At some point or another either by choice or by unforeseen or uncontrolled circumstances many of you will find yourself on the lookout for a new job or career. While I make no claim to be an expert in this, I have recently found myself in this situation and in my case it was by choice.
Before we dive in and have a closer look at this topic I think it’s worth stopping to reflect on a few things.
First off, you may not have ever consciously thought about it, but as a full time employee you’ll likely spend more time with your work colleagues than you do with you own friends and family! Why is this important? We’ll if you are looking for your next landing place, wouldn’t it be great if your work colleagues felt more like family and friends? For those of you who have had to work in jobs where work definitely didn’t feel this way, you know that eventually it has an impact on you and usually it’s not a good one.
Secondly, I want you to realize you have a choice. If you have a significant other, you didn’t just walk out the door and pick the first person you ran into did you? If you went to university or college, you didn’t just close your eyes and pick one … right? The point I’m trying to make here is that you could be in this new employment relationship for quite a while if things go well, so wouldn’t it make sense to make sure it was a good fit right from the start? If you’re just firing resumes out to anyone and everyone, you’re not being choosey and as a result you are highly likely to end up with an unfavourable match.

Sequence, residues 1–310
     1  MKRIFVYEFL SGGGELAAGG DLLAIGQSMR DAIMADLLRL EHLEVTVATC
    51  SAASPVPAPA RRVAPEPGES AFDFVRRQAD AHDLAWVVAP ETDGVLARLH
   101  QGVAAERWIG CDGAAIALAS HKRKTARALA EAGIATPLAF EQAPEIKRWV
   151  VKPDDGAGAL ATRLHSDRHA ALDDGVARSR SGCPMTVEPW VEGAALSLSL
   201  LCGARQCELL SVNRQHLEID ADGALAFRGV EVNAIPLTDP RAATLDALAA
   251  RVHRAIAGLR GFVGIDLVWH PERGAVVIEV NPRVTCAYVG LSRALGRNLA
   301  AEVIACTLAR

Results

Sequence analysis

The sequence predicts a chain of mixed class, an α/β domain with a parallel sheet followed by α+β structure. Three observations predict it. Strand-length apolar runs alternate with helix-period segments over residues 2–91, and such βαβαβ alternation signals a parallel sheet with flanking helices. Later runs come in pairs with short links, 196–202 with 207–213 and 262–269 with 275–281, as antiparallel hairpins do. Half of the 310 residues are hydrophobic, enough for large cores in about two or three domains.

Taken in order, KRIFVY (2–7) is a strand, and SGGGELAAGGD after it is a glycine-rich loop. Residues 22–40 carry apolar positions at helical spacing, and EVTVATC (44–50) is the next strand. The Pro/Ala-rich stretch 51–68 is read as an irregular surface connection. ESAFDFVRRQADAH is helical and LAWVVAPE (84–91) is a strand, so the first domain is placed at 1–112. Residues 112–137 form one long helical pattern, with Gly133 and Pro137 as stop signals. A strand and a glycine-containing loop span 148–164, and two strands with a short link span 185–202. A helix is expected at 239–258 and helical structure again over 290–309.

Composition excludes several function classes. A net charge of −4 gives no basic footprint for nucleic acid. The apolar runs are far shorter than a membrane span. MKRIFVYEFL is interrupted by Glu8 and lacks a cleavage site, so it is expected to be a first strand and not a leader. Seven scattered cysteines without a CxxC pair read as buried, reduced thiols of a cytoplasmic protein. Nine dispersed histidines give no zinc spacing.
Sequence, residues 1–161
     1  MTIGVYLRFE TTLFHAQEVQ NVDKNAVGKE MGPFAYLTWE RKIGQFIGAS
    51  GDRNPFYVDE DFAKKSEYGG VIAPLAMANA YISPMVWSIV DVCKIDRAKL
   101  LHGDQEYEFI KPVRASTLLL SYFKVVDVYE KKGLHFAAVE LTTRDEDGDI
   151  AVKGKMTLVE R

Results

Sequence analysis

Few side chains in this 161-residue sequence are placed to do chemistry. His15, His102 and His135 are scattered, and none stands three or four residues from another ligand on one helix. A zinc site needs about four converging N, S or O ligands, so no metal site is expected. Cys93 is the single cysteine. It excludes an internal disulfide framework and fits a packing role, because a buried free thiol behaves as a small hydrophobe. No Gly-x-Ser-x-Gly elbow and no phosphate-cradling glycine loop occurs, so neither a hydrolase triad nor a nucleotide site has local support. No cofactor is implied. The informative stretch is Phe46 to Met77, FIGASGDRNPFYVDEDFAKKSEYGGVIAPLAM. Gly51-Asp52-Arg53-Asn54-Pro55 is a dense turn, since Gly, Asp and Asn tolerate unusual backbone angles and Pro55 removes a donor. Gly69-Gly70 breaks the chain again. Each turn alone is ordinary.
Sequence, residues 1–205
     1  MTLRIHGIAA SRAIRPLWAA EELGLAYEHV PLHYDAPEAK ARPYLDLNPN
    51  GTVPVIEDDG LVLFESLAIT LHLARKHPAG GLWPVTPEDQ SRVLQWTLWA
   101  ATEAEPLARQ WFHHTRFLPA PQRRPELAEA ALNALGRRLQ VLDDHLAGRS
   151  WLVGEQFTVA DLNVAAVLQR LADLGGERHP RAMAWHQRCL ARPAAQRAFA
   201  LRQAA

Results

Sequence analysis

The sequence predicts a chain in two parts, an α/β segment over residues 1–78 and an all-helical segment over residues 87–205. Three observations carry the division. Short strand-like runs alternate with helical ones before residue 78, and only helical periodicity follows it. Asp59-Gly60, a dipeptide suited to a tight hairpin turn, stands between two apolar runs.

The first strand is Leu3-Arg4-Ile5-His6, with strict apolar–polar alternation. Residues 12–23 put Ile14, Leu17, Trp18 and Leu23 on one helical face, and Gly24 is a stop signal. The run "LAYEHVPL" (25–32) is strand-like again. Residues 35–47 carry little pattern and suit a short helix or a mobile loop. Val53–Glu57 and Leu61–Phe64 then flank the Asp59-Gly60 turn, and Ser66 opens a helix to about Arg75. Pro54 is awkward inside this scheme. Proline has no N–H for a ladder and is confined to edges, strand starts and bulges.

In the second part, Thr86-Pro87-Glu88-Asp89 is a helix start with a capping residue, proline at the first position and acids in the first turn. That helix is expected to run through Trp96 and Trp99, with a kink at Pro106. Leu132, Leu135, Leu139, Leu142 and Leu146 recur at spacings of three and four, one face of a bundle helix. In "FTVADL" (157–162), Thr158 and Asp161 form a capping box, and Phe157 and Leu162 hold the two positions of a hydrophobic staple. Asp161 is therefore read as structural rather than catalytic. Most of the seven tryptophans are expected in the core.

Realistically out of the entire realm of possible job opportunities, there are going to be some that are better matches than others. Your job is to sift through the opportunities you come across and filter out the ones that are the best fit for you. Ideally you looking for some kind of strategy that you can employ that will help you with this process.
As I mentioned previously, I’m not an expert but I am really good at coming up with and refining systems and here is what I’ve come up with so far.
The Values Filter
Many if not most companies nowadays will list their values someone on their website. Visit the companies site and find out what they are. Your first gut check will be to see how these values mesh with your own. If you see things like Profit, Growth, Efficiency for one company and People First, Do the Right Thing and Excellence on another, this may give you valuable insight into a companies culture and how they see and treat their people.